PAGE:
Sunday 16 December 2018

Trump blames lack of 'support' for shelving rise in rifle age limit

Marjory Stoneman Douglas High School pupils at a memorial after the shooting. Photo: Reuters
Marjory Stoneman Douglas High School pupils at a memorial after the shooting. Photo: Reuters

Ben Riley-Smith in Washington

Donald Trump has blamed a lack of "political support" after he backed off raising the minimum age for buying a rifle amid opposition from the National Rifle Association.

The US president initially called for the minimum age to be increased from 18 to 21 in the wake of the Florida school shooting, saying he was willing to defy the gun lobby over the issue.

However, the idea was left off a list of policy proposals announced by White House officials, with the change instead to be debated by a new federal commission on gun safety.

The White House will also help states in training teachers to use guns, support better background checks and ban "bump stock" devices that turn firearms into machine guns.

Mr Trump tweeted yesterday: "On 18 to 21 Age Limits, watching court cases and rulings before acting. States are making this decision. Things are moving rapidly on this, but not much political support (to put it mildly)."

New gun controls have been fiercely debated in Washington after 17 people were killed in a high school shooting in Parkland, Florida, last month.

Much of the focus has been on why the age limit for buying the gun used in the attack, an AR-15 rifle, is 18 but the limit for a handgun is 21. Nikolas Cruz, the suspected shooter, is 19.

Mr Trump initially supported the move, chastising members of congress for not backing the policy during a round-table meeting with figures from both parties in the White House.

"Some of you are petrified of the NRA. You can't be petrified. They have great power over you people...they have less power over me," Mr Trump had said.

The meeting, which was captured by television cameras, saw the president express interest in a number of gun control measures, which stunned Republicans.

Days later, Mr Trump had a closed-door meeting with the NRA, which opposes raising the minimum age for buying an automatic rifle.

Chris Cox, chief lobbyist for the Institute for Legislative Action, the NRA's lobbying arm, said after the meeting that Mr Trump and Mike Pence, the vice-president, "don't want gun control".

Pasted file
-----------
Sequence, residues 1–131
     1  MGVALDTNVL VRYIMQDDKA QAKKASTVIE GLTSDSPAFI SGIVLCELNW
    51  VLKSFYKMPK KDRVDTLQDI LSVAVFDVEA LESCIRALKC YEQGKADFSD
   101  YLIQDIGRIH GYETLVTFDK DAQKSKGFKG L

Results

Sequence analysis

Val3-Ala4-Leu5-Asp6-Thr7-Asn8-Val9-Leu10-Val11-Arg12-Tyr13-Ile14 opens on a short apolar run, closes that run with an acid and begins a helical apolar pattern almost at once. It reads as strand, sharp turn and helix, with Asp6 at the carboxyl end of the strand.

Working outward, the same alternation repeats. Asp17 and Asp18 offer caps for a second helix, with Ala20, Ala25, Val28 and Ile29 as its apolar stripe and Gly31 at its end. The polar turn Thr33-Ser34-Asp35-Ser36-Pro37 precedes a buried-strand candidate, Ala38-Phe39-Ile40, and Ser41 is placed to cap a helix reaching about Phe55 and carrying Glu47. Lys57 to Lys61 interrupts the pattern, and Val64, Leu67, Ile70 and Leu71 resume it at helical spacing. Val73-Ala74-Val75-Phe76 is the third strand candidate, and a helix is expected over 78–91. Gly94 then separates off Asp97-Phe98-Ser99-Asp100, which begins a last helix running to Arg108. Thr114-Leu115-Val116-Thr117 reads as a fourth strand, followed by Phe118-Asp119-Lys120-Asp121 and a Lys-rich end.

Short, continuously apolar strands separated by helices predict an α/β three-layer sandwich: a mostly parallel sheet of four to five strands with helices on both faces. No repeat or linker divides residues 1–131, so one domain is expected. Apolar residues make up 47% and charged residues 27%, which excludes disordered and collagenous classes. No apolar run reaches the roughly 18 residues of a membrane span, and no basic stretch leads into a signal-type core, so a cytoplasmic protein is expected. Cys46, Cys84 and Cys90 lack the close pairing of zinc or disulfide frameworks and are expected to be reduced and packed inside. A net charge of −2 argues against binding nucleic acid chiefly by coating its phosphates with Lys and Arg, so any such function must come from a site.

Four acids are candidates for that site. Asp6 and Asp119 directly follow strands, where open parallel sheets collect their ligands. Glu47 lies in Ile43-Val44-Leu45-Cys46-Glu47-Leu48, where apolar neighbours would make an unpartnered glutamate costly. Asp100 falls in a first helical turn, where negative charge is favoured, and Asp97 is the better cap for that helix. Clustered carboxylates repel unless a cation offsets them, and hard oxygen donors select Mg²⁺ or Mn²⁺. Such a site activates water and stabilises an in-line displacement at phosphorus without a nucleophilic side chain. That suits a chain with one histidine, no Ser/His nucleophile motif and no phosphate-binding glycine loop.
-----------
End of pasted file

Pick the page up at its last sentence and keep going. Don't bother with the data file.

Mr Trump said the meeting had been "great".

The massacre reignited a fierce gun debate in the United States, and Mr Trump stunned members of Congress during White House meetings by endorsing proposals long opposed by his fellow Republicans and accusing lawmakers of being afraid of the NRA.

However, the measures proposed by the White House on Sunday night were weaker than some of the more sweeping changes Mr Trump had embraced during his televised meetings on the issue.

Mr Trump backs legislation aimed at providing more data for the background check system: a database of people who are not legally allowed to buy guns.

But he did not endorse a broader proposal that would close loopholes in existing law by requiring background checks for guns bought at gun shows or arranged over the internet.

It was not clear how quickly Congress would move on the issue. Senate Majority Leader Mitch McConnell has not scheduled debate for any gun-related bills.

Asked why the age limit proposal was dropped from the administration plan, Education Secretary Betsy DeVos told NBC's 'Today' show yesterday that the plan was the first step in a lengthy process.

"Everything is on the table," she said.

Democrats are clamouring for much broader gun control legislation, including closing loopholes in background checks law.

Irish Independent

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